Posts Tagged ‘Character’

My preferred candidate lost last night’s presidential election.Β  Actually, my preferred candidate (Mike Huckabee) didn’t even run for president, but of the two main contenders, I voted for the more conservative one in keeping with my beliefs, values and underlying philosophy of the role of government.Β  It was a close election, but in the end, the other guy won.

When that happens, how one reacts says a lot about one’s character and maturity.Β  It is easy and understandable when those on the losing side feel distraught and experience a host of negative emotions.Β  It is equally unsurprising to see the winners jubilant and celebratory.Β  We don’t have to go far – being around other people, watching TV news, engaging in social media, exploring the Web – to see and hear the variety of ways in which both winners and losers respond to the final results.

Since my guy lost, I get the chance to choose how I react in this situation.Β  I can be mad.Β  I can spew hate.Β  I can blame.Β  I can throw out challenges to get revenge next time.Β  But none of those reactions seem particularly inviting, mature, or reflective of the character of anyone I want to be.

Earlier this afternoon I posted how I want to respond on Facebook this way:

“To my fellow Romney supporters, today would be a very good day to be gracious and kind to all, to refrain from any biting remarks, to commit to praying for our president and other leaders, to make every effort we can to understand one another, to do our part to heal a divided nation, and to work together like adults to solve problems. Those of us on the losing side of the vote will most likely not find the eventual outcome to be as horrible as we fear just as those on the winning side will not see all their dreams come to pass. We’ll be OK.”

As my friend Larry stated in a comment to that Facebook post, “It would be even better if everyone did that every day.”Β  I agree.

Leap year lesson #309 is How you handle loss reveals character and maturity.

We normally think of commitment as a good thing. Of course, it depends on the object of one’s commitment. If I’m committed to doing harm to others, that’s a bad thing. If I’m committed only to what gives me pleasure in the moment with no thought of others or long-term consequences, that’s also a bad thing. So commitment by itself does not guarantee an honorable outcome.

The exchange of wedding vows I witnessed today between a long-time family friend and his bride are an example of an honorable commitment. In a time and culture where too many take too lightly the seriousness and the institution of marriage, where so many want the benefits of marriage without the legal or personal obligations that accompany it, it is nice to see young people (or those of any age) make the decision to choose a path of legal commitment to one other person for life. Other arrangements are easy ways to keep an exit door readily available should feelings change and the grass suddenly look greener elsewhere.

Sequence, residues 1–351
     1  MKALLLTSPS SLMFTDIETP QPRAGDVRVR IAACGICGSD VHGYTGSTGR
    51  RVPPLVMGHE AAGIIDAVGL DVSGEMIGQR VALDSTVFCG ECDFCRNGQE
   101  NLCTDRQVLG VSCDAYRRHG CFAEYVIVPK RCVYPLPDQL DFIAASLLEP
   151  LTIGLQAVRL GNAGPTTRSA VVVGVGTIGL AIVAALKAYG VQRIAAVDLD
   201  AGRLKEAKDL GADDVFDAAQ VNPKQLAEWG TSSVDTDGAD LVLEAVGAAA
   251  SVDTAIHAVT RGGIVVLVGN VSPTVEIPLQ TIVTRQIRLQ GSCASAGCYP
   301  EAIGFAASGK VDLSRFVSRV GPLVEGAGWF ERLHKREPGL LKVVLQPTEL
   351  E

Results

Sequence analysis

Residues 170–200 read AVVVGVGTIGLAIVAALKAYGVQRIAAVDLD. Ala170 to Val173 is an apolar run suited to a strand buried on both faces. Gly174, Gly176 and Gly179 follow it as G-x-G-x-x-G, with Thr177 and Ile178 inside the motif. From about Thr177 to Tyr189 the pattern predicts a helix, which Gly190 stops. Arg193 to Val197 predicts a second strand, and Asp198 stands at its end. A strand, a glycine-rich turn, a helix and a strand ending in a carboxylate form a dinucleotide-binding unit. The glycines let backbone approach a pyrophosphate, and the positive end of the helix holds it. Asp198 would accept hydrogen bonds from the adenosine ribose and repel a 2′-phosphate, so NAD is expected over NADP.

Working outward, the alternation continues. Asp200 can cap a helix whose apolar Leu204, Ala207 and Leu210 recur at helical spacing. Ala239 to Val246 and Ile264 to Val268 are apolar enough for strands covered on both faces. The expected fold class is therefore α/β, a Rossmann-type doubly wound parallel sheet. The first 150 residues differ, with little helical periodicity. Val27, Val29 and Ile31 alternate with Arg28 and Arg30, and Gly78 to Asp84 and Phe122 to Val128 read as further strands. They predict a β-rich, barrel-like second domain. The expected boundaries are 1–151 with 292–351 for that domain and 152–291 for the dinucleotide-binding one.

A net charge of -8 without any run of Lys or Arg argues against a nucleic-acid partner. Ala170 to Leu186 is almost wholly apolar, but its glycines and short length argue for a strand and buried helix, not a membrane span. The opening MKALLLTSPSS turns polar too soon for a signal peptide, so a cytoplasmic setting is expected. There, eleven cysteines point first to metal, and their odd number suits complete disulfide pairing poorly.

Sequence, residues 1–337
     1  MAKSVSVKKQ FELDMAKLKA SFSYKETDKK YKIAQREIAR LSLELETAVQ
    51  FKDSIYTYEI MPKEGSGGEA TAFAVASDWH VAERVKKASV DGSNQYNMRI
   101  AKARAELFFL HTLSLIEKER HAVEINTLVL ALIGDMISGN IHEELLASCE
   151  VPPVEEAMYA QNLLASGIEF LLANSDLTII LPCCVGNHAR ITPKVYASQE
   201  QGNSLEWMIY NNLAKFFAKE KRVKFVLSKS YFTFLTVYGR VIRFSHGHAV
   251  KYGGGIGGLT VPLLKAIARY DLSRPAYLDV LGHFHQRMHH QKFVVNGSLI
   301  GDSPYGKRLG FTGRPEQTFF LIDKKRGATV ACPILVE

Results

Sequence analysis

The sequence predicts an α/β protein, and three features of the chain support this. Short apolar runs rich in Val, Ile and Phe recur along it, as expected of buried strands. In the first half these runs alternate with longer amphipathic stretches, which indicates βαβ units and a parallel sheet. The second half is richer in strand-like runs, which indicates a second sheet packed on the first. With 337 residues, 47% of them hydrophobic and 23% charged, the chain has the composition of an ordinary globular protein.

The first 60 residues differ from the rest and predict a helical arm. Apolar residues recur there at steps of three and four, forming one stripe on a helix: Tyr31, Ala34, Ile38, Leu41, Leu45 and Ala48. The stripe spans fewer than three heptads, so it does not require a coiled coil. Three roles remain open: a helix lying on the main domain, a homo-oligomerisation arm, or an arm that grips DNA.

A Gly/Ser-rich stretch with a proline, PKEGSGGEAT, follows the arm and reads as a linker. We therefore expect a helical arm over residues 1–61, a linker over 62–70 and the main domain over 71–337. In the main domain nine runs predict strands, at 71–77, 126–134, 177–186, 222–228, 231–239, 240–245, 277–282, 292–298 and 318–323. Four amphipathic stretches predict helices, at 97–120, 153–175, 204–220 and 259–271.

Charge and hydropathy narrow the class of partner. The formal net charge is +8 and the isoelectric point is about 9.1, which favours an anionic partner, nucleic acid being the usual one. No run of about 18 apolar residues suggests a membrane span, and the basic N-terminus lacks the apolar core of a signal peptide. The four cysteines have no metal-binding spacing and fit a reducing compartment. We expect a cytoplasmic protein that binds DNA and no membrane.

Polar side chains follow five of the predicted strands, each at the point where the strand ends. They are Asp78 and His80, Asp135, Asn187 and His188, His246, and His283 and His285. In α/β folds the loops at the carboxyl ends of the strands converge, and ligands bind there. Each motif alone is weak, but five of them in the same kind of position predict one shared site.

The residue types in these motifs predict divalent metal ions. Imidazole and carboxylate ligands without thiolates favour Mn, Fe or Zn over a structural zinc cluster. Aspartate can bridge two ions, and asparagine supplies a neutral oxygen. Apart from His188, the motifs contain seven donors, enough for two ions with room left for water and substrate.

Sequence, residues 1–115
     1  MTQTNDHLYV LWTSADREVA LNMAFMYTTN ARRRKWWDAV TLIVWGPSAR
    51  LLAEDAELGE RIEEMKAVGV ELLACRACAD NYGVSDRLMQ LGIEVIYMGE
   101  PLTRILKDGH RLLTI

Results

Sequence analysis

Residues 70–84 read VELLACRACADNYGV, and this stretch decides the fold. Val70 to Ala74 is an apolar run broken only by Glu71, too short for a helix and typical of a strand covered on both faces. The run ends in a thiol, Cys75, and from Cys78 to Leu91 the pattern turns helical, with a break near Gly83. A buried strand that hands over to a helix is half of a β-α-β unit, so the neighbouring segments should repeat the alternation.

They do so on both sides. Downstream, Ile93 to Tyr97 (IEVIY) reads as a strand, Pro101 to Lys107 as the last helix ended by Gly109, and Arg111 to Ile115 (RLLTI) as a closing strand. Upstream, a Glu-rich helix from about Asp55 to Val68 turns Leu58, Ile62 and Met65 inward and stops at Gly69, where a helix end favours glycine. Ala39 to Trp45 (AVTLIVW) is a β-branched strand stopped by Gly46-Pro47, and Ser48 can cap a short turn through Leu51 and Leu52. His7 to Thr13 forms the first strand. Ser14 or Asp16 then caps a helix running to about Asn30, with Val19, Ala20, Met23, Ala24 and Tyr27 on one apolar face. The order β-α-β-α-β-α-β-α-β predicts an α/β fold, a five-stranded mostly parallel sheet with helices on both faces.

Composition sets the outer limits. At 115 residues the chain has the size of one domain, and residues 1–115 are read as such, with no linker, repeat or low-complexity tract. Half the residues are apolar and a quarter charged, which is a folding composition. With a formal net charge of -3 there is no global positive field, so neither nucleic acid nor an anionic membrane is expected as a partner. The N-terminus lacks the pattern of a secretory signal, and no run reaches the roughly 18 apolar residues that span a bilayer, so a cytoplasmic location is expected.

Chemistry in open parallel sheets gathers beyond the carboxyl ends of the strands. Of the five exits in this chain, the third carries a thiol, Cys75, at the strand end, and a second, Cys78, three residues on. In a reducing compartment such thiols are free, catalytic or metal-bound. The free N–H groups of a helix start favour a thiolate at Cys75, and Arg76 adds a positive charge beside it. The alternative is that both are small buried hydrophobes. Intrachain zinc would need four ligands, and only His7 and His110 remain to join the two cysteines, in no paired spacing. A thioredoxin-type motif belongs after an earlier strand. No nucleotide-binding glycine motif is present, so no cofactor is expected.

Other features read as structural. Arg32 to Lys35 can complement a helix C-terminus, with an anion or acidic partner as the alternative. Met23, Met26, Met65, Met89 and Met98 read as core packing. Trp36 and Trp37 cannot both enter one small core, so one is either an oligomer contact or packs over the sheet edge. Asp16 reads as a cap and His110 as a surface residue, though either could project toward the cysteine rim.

Still, even an honorable commitment is no guarantee of following through to completion. For example, on a much smaller scale, how many people commit to a variety of New Years resolutions, only to abandon them within a few days, weeks or months? How many commit to new jobs or goals or even relationships, only to change those commitments when something shinier comes along or if the going gets tough?

That is not to say that no commitments should ever change. It is to say that a mental decision to go down some significant path must be accompanied by a quality of character that continually drives the person down that chosen path regardless of the difficulties faced or the temptations to do otherwise. Without that, the original “commitment” is really just more of a temporary plan until something more attractive comes along.

So commitment is nice, but only if to the right actions, ideas, principles, goals or people. And then it is only maintained if accompanied by a person of character to see it through.

Leap year lesson #84 is Commitment is good, but it isn’t enough.